Sunday, March 18, 2012

Hitchens Takes on Fox News on Jerry Falwell

I've transcribed this segment from Fox News after the death of Jerry Falwell for your reading enjoyment. It has become a Hitchens youtube classic, with over a million views; it is obvious why this is the case. Hitchens is at his best here, and his concluding jab at Falwell is perhaps the greatest thing that has ever been said on the mainstream media. Without further ado:

Dramatis Personae:
Alan Colmes, former host of Fox News show Hannity & Colmes.
Sean Hannity, former host of Fox News show Hannity & Colmes, now host of his own Fox News show, and generally a Falstaffian fathead.
Christopher Hitchens, no introduction needed.
Ralph Reed, religious entrepreneur friend and colleague of Jerry Falwell and Pat Robertson, leader of the Christian Coalition, demagogue and sycophant.

Colmes: “The controversial televangelist was a polarizing figure, emboldening conservative Christians while alienating many liberals, but there is no question about the impacting legacy Falwell leaves behind. Joining us now is Republican strategist Ralph Reed and author of God is Not Great, columnist Christopher Hitchens who made news last night with his harsh critique of the Reverend. Christopher let me start with you here and talk about the things you've said, which, obviously, we know where you stand on religion, we know where you stand on Reverend Falwell. By being so angry about what his legacy was and is are you not hurting his family and others who may have no dog in that hunt but who would just like a few moments to celebrate his life and have some peace?”

Hitchens: “Well, I don't care whether his family's feelings are hurt or not, but if they are, they can take comfort from the extraordinary piety and stupidity, and generally speaking, uniformity of the coverage of the man's death. It is after all said, was said by Jesus of Nazareth to his followers, that they must expect to be mocked for their beliefs, because their beliefs will appear to many people to be ridiculous, if not worse than that, and that they are to take it for granted that they will be ridiculed. That's true, I think, of the most devout and serious and thoughtful Christian, but for a vulgar fraud and crook like Reverend Falwell it's an obligation to say what one thinks about him, or be left off the air and have people like yourselves broadcasting only piety, and that won't do.”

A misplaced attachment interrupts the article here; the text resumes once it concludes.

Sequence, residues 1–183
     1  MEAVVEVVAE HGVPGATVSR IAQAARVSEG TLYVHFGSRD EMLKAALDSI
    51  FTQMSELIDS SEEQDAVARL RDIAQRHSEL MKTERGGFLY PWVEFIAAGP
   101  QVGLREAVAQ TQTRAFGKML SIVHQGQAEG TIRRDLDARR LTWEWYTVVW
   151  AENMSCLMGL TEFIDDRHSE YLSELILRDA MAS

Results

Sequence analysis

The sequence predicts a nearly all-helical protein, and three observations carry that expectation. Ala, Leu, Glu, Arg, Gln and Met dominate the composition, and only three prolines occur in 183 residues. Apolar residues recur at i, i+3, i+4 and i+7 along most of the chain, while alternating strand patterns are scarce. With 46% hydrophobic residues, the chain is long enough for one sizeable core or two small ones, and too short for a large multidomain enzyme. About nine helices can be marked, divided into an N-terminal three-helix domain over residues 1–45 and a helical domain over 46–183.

Colmes: “Well, whatever, I'm not broadcasting only piety, I had you on my radio show and now we're having you on here to talk about your view...(inaudible).”

Hitchens: “Yes, you're having me on and then arguing that maybe it's bad taste to have me on, I don't think that's very hospitable.”

Colmes: “Well I thought it was a legitimate question because I think people are wondering...”

Hitchens: “Yeah, well I've answered it, I've answered the question...(inaudible).”

Colmes: “You have, and I will now move on to Ralph Reed since you've answered that question (chuckles).”

Hitchens: “Good.”

Colmes: “Ralph, does Christopher Hitchens have a point? It is a free speech issue, he was a polarizing figure, Reverend Falwell was, and there are many people, maybe not all of them feeling as strong [sic] as Christopher Hitchens, but who feel that Reverend Falwell was indeed a polarizing figure who said things that offended many Americans.”

Reed: “Well, you know look, any time Allen, that you are an agent of change, the way Doctor Falwell was, who had the kind of impact that he had upon American religion, upon our culture and on our politics—he was one of the most important historical figures of the last fifty years in each of those areas: ending the self-imposed exile of evangelicals from civic and cultural engagement and, I think, transforming them into one of the most important and vibrant and energetic constituencies in the entire electorate—no one does that, liberal or conservative, Republican, Democrat, of any faith, and not stir controversy. But I, it's just my belief—as an American, not as a conservative, not as somebody of any particular denominational background or faith, but just as an American—in terms of elevating the civility of our discourse, that when somebody dies, that we ought to show a measure of respect and appreciation for their family and for their loved ones and for those who are grieving right now, and our thoughts and prayers ought to be with them, regardless of whether we agree with Doctor Falwell or not.”

Hannity: “Hey, uh, Christopher Hitchens, hey Christopher...”

Hitchens: “Oh come on, play the world's smallest violin. Listen, he established a business, a racket in my opinion, he was a religious businessman, in the same way as Mr. Ralph Reed is a religious entrepreneur, he's left the business to his children—it's an hereditary job. Let that console them. You can't have me on and say that I have to say I'm terribly sorry he's dead.”

Hannity: “Hey, hey, Christopher...”

Hitchens: “One reason you can't ask me to do it, is because I am not. I think we have been rid of an extremely dangerous demagogue who lived by hatred of others, and prejudice, and who committed treason by saying that the United States deserved the attack upon it and its civil society on September 2001 by other religious nutcases like himself.”

Hannity: “Hey, Christopher, let me jump in, he profoundly and repeatedly apologized and I, I'm sure you're perfect...”

Hitchens: “Not enough. No. Not enough.”

Hannity: “I'm sure you're perfect in your life, and that you've never made any mistakes, but let's...”